Sometime in the last 25 years, hanja seems to have disappeared. That makes Korean a lot easier to read for us non-Asian types who didn’t spend 12 years learning Chinese characters in school.
You won’t get mugged in Korea, but you might get run over. It’s the only place I’ve seen someone talking on the phone while riding a motor scooter. On the sidewalk.
Korean people don’t seem given to wearing shirts with bizarre English on them the way Japanese people are, but almost every shirt I saw with writing on it was in English, usually an American brand of some sort. I think some of them were fake brands (one shirt simply said “Authentic Genuine”), but they looked like American brands. That seemed to be the main thing.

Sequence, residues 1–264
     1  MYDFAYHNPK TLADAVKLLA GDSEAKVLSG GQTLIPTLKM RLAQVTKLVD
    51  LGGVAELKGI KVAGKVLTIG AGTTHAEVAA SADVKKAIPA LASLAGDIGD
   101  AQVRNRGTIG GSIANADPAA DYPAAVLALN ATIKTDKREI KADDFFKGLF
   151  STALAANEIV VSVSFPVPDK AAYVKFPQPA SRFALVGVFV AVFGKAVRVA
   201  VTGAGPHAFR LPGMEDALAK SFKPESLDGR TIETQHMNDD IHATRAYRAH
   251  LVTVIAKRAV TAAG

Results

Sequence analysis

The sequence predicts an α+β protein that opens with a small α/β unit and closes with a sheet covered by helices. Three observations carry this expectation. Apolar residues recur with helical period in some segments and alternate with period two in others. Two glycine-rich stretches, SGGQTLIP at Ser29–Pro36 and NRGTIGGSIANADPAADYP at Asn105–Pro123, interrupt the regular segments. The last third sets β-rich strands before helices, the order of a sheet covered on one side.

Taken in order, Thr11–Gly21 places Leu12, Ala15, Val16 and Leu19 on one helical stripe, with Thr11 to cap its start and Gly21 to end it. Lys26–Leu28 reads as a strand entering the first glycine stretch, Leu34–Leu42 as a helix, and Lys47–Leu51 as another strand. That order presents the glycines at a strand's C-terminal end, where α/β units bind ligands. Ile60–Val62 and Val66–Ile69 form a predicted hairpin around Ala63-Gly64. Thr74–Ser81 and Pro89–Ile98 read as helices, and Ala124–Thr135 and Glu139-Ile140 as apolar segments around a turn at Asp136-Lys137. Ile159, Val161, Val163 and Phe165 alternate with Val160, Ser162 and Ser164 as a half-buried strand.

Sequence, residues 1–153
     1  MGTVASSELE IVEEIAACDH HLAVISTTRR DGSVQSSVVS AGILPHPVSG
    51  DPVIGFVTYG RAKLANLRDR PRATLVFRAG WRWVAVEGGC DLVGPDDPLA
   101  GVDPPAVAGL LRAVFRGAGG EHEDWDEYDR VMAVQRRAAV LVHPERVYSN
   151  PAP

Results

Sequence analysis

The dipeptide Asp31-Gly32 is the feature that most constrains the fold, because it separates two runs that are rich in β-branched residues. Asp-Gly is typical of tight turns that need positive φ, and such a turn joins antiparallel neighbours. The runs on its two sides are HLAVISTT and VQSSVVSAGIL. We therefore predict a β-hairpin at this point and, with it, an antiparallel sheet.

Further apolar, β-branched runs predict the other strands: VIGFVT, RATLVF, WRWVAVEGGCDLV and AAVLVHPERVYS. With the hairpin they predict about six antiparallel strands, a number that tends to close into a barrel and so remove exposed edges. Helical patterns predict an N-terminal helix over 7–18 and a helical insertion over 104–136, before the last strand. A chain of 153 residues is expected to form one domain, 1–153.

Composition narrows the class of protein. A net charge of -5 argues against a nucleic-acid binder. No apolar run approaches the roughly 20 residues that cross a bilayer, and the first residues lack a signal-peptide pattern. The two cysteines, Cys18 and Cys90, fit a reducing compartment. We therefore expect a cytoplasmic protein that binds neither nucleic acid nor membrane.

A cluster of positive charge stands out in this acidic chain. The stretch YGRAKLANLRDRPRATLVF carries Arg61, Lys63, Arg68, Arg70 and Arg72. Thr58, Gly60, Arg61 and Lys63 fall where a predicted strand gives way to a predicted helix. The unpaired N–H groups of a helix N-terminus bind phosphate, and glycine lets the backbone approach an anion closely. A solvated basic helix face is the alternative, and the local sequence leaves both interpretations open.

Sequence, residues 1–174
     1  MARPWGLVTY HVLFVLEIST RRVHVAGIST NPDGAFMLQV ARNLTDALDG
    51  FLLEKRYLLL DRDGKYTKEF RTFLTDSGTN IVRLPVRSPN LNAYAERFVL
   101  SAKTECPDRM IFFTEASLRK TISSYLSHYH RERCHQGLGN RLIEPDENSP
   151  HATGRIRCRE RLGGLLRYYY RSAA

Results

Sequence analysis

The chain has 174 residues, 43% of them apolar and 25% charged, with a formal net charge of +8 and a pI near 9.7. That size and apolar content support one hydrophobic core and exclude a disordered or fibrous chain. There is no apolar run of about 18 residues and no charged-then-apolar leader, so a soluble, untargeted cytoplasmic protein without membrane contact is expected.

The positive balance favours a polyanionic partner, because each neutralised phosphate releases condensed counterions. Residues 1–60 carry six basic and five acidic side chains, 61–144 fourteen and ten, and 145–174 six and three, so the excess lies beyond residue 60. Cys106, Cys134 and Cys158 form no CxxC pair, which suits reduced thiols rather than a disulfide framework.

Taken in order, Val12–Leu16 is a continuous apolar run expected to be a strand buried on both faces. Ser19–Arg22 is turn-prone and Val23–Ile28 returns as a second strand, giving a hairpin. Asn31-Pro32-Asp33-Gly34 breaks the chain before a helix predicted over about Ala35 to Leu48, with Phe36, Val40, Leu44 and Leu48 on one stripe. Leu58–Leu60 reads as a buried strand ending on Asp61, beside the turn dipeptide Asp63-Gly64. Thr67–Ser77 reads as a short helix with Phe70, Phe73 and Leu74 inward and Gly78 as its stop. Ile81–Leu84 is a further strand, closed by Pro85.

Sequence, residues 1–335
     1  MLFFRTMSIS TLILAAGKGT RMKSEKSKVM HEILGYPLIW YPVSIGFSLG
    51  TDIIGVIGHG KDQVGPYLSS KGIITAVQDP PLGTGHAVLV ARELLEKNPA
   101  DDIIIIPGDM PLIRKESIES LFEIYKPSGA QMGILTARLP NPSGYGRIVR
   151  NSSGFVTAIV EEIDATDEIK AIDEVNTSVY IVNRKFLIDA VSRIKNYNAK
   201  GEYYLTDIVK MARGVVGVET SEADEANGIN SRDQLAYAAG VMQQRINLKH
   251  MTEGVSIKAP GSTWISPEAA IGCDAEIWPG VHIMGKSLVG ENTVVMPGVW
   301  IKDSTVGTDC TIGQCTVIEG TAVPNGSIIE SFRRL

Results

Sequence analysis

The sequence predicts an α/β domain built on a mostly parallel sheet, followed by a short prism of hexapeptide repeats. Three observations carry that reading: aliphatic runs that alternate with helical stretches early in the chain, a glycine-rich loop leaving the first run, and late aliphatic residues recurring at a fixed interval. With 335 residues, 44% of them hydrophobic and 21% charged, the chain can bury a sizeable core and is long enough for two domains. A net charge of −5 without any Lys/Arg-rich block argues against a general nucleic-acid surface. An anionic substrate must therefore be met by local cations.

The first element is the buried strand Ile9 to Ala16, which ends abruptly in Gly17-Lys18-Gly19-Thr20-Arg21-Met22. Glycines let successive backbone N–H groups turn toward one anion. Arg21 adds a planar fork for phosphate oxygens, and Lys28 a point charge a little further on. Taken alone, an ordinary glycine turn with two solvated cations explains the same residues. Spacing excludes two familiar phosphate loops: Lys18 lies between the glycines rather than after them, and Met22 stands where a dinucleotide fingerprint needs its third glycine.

Passport control was just a matter of taking fingerprints and a photo (Japan did that too) and stamping my passport. Customs just took my form and put it on a pile without looking at it. I think it was the easiest entry I’ve ever encountered.
Other than the traditional hanok-style buildings with the sweeping roofs, there isn’t a lot of what you would call architecture in Korea. On the train from Seoul to Busan, the cities I saw were all miles of high-rise apartment buildings done in what you might call a Soviet style, with a smattering of Christian church steeples.
Everyone in Korea is doing something on their smartphone at all times. It goes far beyond anything in the US. Not surprisingly, most of the phones are Samsung or LG.
In Busan I saw a man wearing a shirt that said, “The Funniest Man in the World.” So that’s where he lives. Busan.